- The Offshore Imperative: Shell Oil's Search for Petroleum in Postwar America
This is not a history of Shell Oil, the semiautonomous entity of which the British-Dutch company Royal Dutch Shell owned a slim majority. It might have been that, had the company not undergone radical restructuring and [End Page 494] management changes in the early years of this century. As a consequence, this is not a company history. Rather, Tyler Priest has used research he had already completed, from archives and interviews, to write an independent book on the technological and managerial development of Shell's offshore exploration and production operations in the Gulf of Mexico.
The story starts with a small, land-bound oil company operating in California and then Texas, early in the twentieth century. Through the 1930s and 1940s, Shell companies produced and marketed petroleum products throughout the United States, struggling a bit to avoid criticism as a non American company exploiting U.S. resources. But Shell was invariably crude-short, importing product for its refineries and its successful retail marketing operations. In 1945, it established its Bellaire Research Center in Houston, a hive of geoscience, engineering, and geology which would shortly push Shell to the forefront of offshore technological development.
In chapters 2 through 7, Priest tells a rich story of technological evolution, some of it plodding by solving small problems and fixing mistakes, and some of it encompassing breathtaking breakthroughs—even scientific epiphanies. First, Shell used sonographic, then seismographic, measurements to look for salt domes in Louisiana's coastal marshes. Then it ventured a few meters offshore, laying down wood mats and using army-surplus barges to block waves. The company bought leases for a few million dollars and by 1950 had discovered a field of 670 million barrels using submersible barges on which it built drilling platforms. From here, the science took off. Shell became a leader in seismic technology and measurement. Once the Tidelands controversy was settled in 1953, by a federal law designating federal waters beyond the three-mile mark, Shell and the other majors got increasingly serious and committed to offshore oil in the Gulf of Mexico. They began building semi-submersible drilling platforms capable of drilling in 300 feet of water . . . and they began bidding ever larger amounts for offshore tracts with potential, first $18 million, then $50 million, then $162 million. Eventually Shell would pay $316 million for sixteen tracts in a sale with bids of $2.8 billion.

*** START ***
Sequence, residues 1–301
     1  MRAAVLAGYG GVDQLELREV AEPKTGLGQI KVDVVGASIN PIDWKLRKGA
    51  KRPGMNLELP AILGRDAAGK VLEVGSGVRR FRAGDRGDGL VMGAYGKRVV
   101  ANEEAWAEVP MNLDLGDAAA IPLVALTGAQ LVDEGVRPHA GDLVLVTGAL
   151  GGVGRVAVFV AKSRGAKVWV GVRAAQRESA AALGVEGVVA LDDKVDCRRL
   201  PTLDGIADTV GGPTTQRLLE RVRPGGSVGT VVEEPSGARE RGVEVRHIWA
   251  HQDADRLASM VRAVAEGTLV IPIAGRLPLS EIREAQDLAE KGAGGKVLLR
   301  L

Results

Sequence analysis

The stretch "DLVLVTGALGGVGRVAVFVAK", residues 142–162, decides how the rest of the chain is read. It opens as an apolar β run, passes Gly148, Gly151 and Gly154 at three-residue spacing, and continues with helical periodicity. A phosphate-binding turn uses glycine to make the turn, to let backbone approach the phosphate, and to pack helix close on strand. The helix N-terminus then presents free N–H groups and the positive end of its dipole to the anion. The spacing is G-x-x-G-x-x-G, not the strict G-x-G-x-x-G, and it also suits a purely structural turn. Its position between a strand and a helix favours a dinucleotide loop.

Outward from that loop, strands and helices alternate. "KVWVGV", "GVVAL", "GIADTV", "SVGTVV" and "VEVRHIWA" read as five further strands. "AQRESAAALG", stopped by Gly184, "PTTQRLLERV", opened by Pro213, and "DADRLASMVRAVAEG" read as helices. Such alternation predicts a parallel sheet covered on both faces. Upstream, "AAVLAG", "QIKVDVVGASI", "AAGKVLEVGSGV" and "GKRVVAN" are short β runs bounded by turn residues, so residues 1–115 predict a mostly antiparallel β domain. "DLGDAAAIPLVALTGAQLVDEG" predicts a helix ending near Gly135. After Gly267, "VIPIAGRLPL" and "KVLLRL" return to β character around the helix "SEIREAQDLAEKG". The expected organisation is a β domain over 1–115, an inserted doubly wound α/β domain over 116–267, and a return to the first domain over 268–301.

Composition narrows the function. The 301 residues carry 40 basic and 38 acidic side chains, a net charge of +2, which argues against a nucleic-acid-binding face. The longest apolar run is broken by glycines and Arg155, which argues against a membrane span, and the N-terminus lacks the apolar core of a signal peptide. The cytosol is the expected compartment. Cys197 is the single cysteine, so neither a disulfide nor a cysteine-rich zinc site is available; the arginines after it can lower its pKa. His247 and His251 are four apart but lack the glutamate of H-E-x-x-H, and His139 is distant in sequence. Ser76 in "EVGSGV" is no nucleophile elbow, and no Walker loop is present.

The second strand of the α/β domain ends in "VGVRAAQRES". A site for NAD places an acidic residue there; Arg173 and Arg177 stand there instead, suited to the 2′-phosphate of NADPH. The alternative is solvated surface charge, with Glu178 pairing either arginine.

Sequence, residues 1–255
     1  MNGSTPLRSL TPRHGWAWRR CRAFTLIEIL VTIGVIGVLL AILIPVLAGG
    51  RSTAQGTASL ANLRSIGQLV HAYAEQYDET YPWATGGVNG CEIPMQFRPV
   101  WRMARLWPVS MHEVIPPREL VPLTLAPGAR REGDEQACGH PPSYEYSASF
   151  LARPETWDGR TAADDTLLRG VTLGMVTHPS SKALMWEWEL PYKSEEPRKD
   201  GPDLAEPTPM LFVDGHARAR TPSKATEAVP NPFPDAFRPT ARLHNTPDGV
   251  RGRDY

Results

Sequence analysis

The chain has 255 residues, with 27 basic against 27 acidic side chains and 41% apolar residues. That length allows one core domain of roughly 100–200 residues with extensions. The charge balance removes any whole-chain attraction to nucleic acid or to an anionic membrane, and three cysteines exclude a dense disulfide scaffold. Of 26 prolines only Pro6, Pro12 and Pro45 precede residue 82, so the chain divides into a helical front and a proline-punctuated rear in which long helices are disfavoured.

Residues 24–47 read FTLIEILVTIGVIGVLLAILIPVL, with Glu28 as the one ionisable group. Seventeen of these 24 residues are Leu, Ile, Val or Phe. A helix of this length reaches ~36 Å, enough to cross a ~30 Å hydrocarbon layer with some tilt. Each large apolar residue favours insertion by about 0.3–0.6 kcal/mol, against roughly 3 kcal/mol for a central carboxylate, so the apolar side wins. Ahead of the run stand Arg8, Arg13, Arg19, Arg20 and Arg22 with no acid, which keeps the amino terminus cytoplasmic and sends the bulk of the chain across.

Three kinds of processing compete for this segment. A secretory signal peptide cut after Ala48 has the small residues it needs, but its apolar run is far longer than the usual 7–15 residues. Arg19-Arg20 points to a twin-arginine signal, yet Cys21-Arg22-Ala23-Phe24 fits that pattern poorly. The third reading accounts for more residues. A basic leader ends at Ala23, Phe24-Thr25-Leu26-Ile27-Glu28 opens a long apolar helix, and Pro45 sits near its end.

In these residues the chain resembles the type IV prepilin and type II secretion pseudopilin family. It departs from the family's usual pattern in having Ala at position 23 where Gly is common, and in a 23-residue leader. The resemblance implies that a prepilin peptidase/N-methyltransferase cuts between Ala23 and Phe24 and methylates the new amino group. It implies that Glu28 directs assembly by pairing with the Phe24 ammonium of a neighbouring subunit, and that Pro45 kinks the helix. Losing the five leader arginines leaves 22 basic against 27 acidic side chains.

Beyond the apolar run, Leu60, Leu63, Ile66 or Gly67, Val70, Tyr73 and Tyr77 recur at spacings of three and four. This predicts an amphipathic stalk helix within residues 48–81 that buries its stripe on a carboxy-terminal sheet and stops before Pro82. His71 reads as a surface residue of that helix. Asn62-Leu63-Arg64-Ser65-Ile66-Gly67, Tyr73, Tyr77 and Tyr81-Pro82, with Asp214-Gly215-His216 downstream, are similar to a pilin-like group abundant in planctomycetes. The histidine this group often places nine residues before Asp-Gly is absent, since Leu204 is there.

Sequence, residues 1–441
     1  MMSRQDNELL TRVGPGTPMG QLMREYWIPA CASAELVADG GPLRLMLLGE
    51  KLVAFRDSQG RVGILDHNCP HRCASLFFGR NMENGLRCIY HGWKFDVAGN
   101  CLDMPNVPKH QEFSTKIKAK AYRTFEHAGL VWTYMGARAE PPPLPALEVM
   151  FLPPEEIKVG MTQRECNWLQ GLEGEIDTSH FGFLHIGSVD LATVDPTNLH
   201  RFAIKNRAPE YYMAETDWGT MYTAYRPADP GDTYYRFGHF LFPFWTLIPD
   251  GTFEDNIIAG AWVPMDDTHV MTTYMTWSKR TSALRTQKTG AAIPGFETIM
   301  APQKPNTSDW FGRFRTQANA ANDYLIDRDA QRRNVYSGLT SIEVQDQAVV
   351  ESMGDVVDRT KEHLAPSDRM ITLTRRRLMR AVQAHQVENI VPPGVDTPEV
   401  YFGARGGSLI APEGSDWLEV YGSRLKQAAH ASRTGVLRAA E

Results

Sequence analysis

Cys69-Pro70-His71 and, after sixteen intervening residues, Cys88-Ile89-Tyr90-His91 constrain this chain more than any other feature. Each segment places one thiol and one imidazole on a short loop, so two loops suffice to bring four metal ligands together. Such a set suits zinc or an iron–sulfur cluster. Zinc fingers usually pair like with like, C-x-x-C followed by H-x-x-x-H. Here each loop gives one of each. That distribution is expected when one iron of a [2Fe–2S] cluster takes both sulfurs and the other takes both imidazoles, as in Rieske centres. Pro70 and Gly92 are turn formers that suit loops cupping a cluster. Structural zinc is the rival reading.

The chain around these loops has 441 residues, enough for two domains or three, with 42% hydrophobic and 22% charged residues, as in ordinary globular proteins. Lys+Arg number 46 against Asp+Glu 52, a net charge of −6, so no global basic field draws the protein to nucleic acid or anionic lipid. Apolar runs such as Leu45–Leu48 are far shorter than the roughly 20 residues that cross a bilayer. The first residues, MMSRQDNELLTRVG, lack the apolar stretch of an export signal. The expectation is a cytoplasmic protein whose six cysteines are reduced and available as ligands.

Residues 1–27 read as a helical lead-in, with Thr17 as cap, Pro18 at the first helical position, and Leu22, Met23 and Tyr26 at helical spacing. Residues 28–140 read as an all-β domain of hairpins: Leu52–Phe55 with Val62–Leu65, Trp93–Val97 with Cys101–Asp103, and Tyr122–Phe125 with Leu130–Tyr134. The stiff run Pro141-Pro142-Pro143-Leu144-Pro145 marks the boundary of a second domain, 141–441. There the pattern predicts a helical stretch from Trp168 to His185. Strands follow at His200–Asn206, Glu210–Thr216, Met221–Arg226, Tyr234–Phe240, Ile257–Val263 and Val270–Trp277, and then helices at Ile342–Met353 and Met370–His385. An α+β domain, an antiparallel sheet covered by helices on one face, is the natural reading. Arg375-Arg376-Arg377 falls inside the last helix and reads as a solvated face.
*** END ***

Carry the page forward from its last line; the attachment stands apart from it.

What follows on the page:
In the early 1970s, Shell mastered "bright spot" technology, a way of reading seismic data more effectively, to discover oil traps some thousands of feet below sea level. But the 1970s marked the end of "business as usual," as oil spills, environmentalism, OPEC price shocks, and the decline of U.S. reserves all put intensive pressures on Shell and the industry. Chapter 6, the title chapter, is my favorite. Here, Priest provides a discussion of Shell's riskiest challenges—its biggest platforms, biggest bids for offshore tracts, and some of its biggest failures. The Cognac platform, designed in three vertical stages that had to fit together perfectly and cost $800 million, ended up producing 72,000 barrels daily by 1982 in 1,000 feet of water! But at the same time, exploration in Alaska, California, the Baltimore Canyon, and Georges Bank were failures, costing more than $2 billion. [End Page 495]
During this entire period (1945–2000), Shell really did put together an extraordinary research and development team at Bellaire. In 1956, M. King Hubbert, associate director of Bellaire, predicted that oil reserves in the United States would peak in 1970, which they did. Shell scientists and engineers broke dozens of records for depth of exploration and depth of production, seismic technologies, and sizes and designs of offshore platforms. And they were the low-cost offshore producer.
While The Offshore Imperative is great at engineering and rich in personal stories and interviews, it could have been stronger in conceptual content. While Priest periodically ties events...